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I did a lot of research on Catalan Numbers and I came across one interesting fact that the nth Catalan numbers never exceeds the nth Bell number. I know that the nth bell numbers counts the number of partitions of a set with n elements.

My question is : Is there an easy way to prove that the nth Catalan number never exceeds the nth Bell number ? or is there an easy way to see it (with out even proof)

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  • $\begingroup$ Both have a representation in terms of the factorial function.... perhaps Stirling's Approximation would help? $\endgroup$ Dec 12 '15 at 22:37
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Among the many things counted by the $n$th Catalan number is the number of non-crossing partitions of an ordered set of $n$ elements.

Since every non-crossing partition is, in particular, a partition, the number of non-crossing partitions cannot exceed the number of partitions, which is the $n$th Bell number.


More concretely, here is a way to encode a Dyck word of length $2n$ as a partition of $\{1,2,\ldots,n\}$: Split the Dyck words up into $n$ groups of two symbols, and substitute each group as follows: $$ \begin{align} \mathtt{((} &\mapsto \mathtt{[*} \\ \mathtt{))} &\mapsto \mathtt{*]} \\ \mathtt{()} &\mapsto \mathtt{[*]} \\ \mathtt{)(} &\mapsto \mathtt{*} \end{align} $$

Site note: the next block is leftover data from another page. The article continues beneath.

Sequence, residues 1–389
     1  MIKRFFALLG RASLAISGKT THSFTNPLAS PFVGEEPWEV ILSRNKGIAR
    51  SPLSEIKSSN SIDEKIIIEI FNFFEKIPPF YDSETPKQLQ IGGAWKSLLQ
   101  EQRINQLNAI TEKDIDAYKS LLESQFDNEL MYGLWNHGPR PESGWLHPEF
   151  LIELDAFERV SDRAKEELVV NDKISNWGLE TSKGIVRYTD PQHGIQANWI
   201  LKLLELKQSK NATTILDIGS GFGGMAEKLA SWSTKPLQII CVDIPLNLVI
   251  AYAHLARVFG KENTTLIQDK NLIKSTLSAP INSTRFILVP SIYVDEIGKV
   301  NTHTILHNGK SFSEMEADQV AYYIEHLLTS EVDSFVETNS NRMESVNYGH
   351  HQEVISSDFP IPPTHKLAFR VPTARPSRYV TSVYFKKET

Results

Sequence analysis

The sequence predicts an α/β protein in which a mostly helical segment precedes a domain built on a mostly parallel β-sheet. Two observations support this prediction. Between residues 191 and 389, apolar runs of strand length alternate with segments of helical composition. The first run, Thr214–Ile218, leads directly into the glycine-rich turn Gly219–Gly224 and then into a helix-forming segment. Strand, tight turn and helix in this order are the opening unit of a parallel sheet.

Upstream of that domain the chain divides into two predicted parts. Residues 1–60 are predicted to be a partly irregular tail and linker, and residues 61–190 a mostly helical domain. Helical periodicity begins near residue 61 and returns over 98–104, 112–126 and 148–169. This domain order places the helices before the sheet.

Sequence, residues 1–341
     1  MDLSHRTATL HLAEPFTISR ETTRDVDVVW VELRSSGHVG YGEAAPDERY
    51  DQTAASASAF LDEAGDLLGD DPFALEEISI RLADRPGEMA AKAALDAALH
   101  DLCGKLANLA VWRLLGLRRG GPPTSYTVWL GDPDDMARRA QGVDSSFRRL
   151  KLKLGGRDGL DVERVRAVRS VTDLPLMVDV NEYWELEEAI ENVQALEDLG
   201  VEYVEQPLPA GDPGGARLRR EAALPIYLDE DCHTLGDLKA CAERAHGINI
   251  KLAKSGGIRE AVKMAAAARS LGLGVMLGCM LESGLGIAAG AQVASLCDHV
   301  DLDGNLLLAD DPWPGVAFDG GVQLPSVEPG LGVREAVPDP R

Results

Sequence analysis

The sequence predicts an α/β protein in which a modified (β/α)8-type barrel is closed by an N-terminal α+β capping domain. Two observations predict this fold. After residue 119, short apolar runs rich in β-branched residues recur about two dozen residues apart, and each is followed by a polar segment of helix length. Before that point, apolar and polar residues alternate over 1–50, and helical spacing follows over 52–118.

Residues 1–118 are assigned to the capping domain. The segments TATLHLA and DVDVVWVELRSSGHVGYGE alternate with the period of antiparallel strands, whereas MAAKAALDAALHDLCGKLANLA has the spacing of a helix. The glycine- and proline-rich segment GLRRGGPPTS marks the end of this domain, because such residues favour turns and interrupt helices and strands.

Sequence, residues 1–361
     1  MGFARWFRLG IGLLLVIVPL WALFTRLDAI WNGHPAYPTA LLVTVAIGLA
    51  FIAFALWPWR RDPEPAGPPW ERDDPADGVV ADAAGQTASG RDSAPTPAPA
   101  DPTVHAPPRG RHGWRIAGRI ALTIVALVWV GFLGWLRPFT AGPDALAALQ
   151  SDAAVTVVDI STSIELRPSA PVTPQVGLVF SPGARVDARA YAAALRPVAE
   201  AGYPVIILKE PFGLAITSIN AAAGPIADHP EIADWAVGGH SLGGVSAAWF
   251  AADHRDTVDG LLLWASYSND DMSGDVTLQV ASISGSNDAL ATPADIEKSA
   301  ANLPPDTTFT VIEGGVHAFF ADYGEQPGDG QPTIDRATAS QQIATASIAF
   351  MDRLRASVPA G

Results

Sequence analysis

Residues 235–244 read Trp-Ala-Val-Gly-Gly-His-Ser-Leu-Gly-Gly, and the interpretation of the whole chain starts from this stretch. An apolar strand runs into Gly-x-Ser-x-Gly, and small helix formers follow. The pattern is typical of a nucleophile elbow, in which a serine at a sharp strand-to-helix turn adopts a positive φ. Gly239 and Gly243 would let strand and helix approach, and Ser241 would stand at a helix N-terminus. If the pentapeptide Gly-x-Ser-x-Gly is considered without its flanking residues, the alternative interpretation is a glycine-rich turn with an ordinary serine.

The result of this substitution is a string with $n$ instances of $\mathtt{*}$ and some well-nested square brackets such that every $\mathtt{*}$ is inside at least one set of square brackets.

Each $\mathtt{*}$ represents one of the base element $\{1,2,\ldots,n\}$, and there will be one set in the partition for each set of square brackets, containing exactly those stars that are within the brackets and not within any internal set of brackets. The rules guarantee that each of the sets is non-empty.

This representation is unique: If we're given a partition that comes from this process we can reconstruct the Dyck word it comes from uniquely: Go through the base set $\{1,2,\ldots,n\}$ from left to right and follow these rules:

  • If you're looking at the only element in some set, put down $\mathtt{()}$.
  • If you're looking at the smallest element in some set, put down $\mathtt{((}$.
  • If you're looking at the largest element in some set, put down $\mathtt{))}$.
  • If you're looking at an element that is neither smallest nor largest in its set, put down $\mathtt{)(}$.

(A non-crossing partition of $\{1,2,\ldots,n\}$ is exactly one that can be produced by this construction.)

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  • $\begingroup$ I actually read about that yes, But can you please give a simple definition and example of what it means to be a non-crossing partition, The wikipedia definition makes me confused $\endgroup$
    – alkabary
    Dec 12 '15 at 22:50
  • $\begingroup$ @alkabary: I've tried to edit with a more concrete description. $\endgroup$ Dec 12 '15 at 23:10
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    $\begingroup$ @alkabary: Imagine that $1,\ldots,n$ label the vertices of a regular $n$-gon in order, and you have a partition of those vertices. Let $P$ and $Q$ be two parts of the partition. The parts $P$ and $Q$ cross if there are $i,j\in P$ and $k,\ell\in Q$ such that the diagonals $ij$ and $k\ell$ intersect. A crossing partition of the vertices is one that has two parts that cross. Every other partition is a non-crossing partition. $\endgroup$ Dec 13 '15 at 19:15

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